Why M-Vac

Cedar Crest - Touch on Different Fabrics

Objective: This research focused on the M-Vac systems ability to collect low template or touch DNA from fabric.

Background and Methods: Low template DNA (LT-DNA), also known as low-copy-number DNA, trace or touch, is defined as a sample that contains less than 100 pg of DNA and it is often found at a crime scene in the form of finger or hand prints.

Traditional sampling techniques used to collect biological samples are swabbing, taping and cutting.  A common issue with these methods and LT-DNA is that they cannot always collect enough DNA to get a full profile. The M-Vac has a significantly higher recovery rates and is projected to be a great addition to traditional techniques.

One of the questions about this new technology is where to use the M-Vac.  In this research, fabrics are evaluated relative to touch DNA.  The following ten substrates were included in the evaluation – Knitted Cotton, Woven Cotton, Gabardine Polyester, Silk Polyester, Nylon, Rayon, Wool, Linen, 95% Cotton/5% Spandex and Acetate.  The test swatches were 5 cm x 10 cm and handled for 10 seconds.  Three different participants handle each type of fabric 5 times for a total of 15 replicates per fabric type.
 
Collections were done by one serologist using approximately 100-125 mL of surface rinse solution per collection.  The collected samples were concentrated using 0.45 micrometer PES filters.  The filters were cut into small pieces, placed in a microcentrifuge tube and extracted using Promega DNA IQTM Extraction, quantified with qPCR using Alu primers and SYBR Green, amplified with Promega PowerPlex® 16 Amplification and analyzed with ABI PRISM® 310 and GeneMapper IDX software.  Only collections with DNA yields of more than 20 picograms were amplified and analyzed.

Results: Wool, 95% Cotton/5% Spandex and knitted cotton yielded statistically more DNA material than the other fabrics.  80 percent of the wool, 73 percent of the 95% Cotton/5% Spandex and 60 percent of the knitted cotton yielded more than the 20 pg threshold minimum for amplification.  The chart below shows the yield percentages by fabric.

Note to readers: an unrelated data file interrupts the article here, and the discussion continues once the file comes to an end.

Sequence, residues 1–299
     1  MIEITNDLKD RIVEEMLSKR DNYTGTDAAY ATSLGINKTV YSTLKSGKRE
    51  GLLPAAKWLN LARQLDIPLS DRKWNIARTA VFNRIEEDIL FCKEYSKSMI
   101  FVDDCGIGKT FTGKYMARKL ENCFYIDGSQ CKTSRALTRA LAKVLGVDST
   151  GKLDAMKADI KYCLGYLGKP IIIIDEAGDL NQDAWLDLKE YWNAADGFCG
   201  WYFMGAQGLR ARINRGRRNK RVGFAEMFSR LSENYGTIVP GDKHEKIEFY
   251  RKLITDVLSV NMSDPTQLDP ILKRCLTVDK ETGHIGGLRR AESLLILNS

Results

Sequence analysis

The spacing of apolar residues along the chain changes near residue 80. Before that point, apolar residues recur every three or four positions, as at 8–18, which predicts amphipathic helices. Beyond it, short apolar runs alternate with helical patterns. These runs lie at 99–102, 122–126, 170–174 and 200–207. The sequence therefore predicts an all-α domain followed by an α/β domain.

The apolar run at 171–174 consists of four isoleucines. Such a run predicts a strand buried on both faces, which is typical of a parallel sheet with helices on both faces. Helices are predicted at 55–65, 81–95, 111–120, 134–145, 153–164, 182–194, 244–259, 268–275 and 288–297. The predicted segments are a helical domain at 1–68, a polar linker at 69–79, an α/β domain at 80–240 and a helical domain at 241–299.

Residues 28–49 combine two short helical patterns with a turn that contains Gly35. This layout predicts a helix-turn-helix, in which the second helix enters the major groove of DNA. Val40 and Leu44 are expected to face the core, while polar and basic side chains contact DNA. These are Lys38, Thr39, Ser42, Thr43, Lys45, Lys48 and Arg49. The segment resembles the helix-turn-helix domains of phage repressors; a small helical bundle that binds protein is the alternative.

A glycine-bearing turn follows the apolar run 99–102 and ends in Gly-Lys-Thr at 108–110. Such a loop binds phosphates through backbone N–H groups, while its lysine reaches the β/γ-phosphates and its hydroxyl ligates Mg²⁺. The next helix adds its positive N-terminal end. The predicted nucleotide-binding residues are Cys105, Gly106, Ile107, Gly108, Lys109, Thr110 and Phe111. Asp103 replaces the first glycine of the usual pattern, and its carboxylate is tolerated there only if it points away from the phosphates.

Fabric Graph

From literature, 5-6 percent of LT-DNA samples yield full profiles.  The M-Vac collections yielded 49% of the samples amplified and 19% of the samples that were taken.  59 of the 150 samples taken yield more than 20 pg of DNA.

From literature, 17-20 percent of LT-DNA samples yield profiles that can be loaded into CODIS.  The M-Vac collections yielded CODIS enterable profiles from 75% of the samples amplified.

Since no direct comparisons were made as part of the research with traditional methods, only historical or literature comparisons could be made.

Conclusions:

  • 39% of the collections had more than 20 pg of DNA
  • 75% of the amplified profiles were suitable for CODIS

Without direct comparison testing, it is difficult to know what the exact comparison would be, however, the simple comparison with historical results was positive.  Further research may consider doing direct comparisons with traditional collection methods, amplifications and analysis without the cut off threshold of 20 pg and larger swatches of material.

Acknowledgements: This research was conducted by Danielle Weinstein and Janine Kishbaugh of Cedar Crest as part of a thesis.  It was presented at the 2014 NEAFS Conference.  The presentation is available upon request.

Technical Note:  The M-Vac collection technique used in the experiment was a side to side motion instead of the recommended forward and back motion.  This may have negatively affected the results due to the fact that the spray comes out of the nozzle in a fan shape.  A side to side motion would only impact the surface with a line of solution rather than the full width of the fan with a forward and back motion.